How Jackie Ferrari Lost Her Lawyer License: A Story of Breaking the Law and Selling Drugs
Jackie Ferrari was a lawyer in Long Beach who had a good future in law until she got caught selling oxycodone pills on Craigslist to a secret agent. She said she was sorry for one crime of giving out the strong painkiller without permission and got six months in jail. She also got in trouble with the State Bar of California, which took away her lawyer license. This essay will look at what happened in her case, why it was wrong, and what it meant for her and the law profession.
According to papers from the court¹, Ferrari started putting ads for different drugs for sale on Craigslist in 2018, using hidden words to cover up the drugs. She sold oxycodone, fentanyl, heroin, ecstasy, and Adderall, as well as things that make powder cocaine into crack. She also made new customers take an oxycodone pill in front of her to check they were not cops. She said that this would let them know that the pills were real and that she could be sure they were not “5-0”.
The Drug Enforcement Administration (DEA) investigation about Ferrari began after a 22-year-old woman died in August 2018 from taking too much fentanyl by mistake. The DEA first thought that messages on the woman’s phone showed that she might have bought the drugs from a drug seller linked to Ferrari. While federal agents could not connect Ferrari to the woman’s death, they started an investigation based on proof that she was a big seller of opiates on Craigslist, along with information from the Costa Mesa and Cypress police departments that tied her to illegal drug things in late 2017.
In 2019, Ferrari sold 50 oxycodone pills for $1,200 to a law enforcement agent outside the Beverly Hills law office where she said she worked. She was arrested about a week later after agreeing to sell the agent another 180 pills for $4,100. She admitted to selling more than 1,000 oxycodone pills on Craigslist between July 2018 and January 2019. She also admitted to using her job as a lawyer to get prescriptions for oxycodone from doctors by lying that she had constant pain.
Ferrari’s actions broke several ethical rules and values that guide the law profession. According to the American Bar Association (ABA) Model Rules of Professional Conduct², lawyers have a duty to follow the law and not do crimes that make people doubt their honesty, trustworthiness, or ability as lawyers. They also have a duty to keep their skills and hard work in helping their clients and not hurt their professional thinking by drug use or mental problems. Also, they have a duty to respect the rights of other people and not cause harm or hurt to others by their actions.
Ferrari’s actions also broke the California Rules of Professional Conduct³, which are like the ABA Model Rules but have some changes. For example, California Rule 8.4(b) says that it is bad behavior for a lawyer to do a crime that involves moral turpitude or that makes people doubt the lawyer’s honesty, trustworthiness, or ability as a lawyer. Moral turpitude is defined as “an act of baseness, vileness, or depravity in the private and social duties which a person owes to another person or society in general”?. Drug selling is seen as an act of moral turpitude because it involves dishonesty, fraud, deceit, corruption, violence, and no care for human life.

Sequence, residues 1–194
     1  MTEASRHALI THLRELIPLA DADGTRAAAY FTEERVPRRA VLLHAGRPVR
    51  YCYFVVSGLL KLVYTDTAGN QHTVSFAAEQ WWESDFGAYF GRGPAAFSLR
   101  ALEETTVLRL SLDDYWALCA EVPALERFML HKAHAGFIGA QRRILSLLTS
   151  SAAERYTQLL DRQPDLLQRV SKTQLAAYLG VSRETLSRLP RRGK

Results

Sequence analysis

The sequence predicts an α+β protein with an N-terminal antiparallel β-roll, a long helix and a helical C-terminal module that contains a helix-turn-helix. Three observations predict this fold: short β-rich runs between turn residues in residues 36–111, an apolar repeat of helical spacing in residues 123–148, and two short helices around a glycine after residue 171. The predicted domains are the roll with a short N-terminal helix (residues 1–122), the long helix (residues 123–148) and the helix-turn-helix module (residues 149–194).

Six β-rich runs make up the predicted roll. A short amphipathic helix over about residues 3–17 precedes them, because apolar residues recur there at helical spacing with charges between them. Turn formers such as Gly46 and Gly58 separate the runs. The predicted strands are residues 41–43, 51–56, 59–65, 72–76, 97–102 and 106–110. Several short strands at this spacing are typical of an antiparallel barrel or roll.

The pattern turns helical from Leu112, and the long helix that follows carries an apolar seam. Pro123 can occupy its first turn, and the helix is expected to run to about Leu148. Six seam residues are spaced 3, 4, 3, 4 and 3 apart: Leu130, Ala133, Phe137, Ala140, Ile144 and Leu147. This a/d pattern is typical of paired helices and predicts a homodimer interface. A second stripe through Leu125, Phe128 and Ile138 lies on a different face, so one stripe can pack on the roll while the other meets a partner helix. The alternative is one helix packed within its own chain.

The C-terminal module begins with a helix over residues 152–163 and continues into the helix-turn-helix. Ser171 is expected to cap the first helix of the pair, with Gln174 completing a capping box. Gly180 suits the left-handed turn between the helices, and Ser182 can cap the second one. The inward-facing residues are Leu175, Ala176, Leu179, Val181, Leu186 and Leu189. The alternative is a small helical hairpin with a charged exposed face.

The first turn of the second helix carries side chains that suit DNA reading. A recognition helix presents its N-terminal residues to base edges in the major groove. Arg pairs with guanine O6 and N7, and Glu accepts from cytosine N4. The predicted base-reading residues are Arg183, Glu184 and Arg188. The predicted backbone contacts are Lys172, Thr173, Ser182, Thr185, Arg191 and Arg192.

Ferrari’s actions had bad results for herself and the law profession. She faced criminal charges and punishments, including jail time, money loss, property loss, and being watched after jail. She also faced lawsuits from her clients or other people who may have been hurt by her actions or mistakes. She also faced trouble from the State Bar of California, which has the power to control and punish lawyers who break ethical rules or laws. The State Bar can give penalties from warning to disbarment.
In Ferrari’s case, the State Bar gave the worst penalty of disbarment after she did not answer to a hearing notice because of her conviction. Disbarment means that she is not allowed to be a lawyer in California or any other place. She also has to tell all her clients and other lawyers about her disbarment and give back any money or things that her clients gave her. She also has to follow various rules and steps about keeping records, reporting, and working with the State Bar.
Disbarment is a permanent loss of one’s license and name as a lawyer. It is a hard but right punishment for Ferrari’s actions, which showed no respect for the law, the public, and the law profession. Her actions not only hurt herself and her clients, but also made people lose trust and faith in the legal system and the rule of law. Her actions also damaged the image and honesty of the law profession, which is expected to keep high standards of ethics and professionalism.
In conclusion, Jackie Ferrari was a lawyer in Long Beach who was disbarred for selling oxycodone on Craigslist. She said she was sorry for one crime of giving out the strong painkiller without permission and got six months in jail. She also did not answer to a hearing notice from the State Bar of California, which resulted in her disbarment. Her actions broke several ethical rules and values that guide the law profession and had bad results for herself and the law profession. Her case is a warning for lawyers who may be tempted to do crimes or drug use.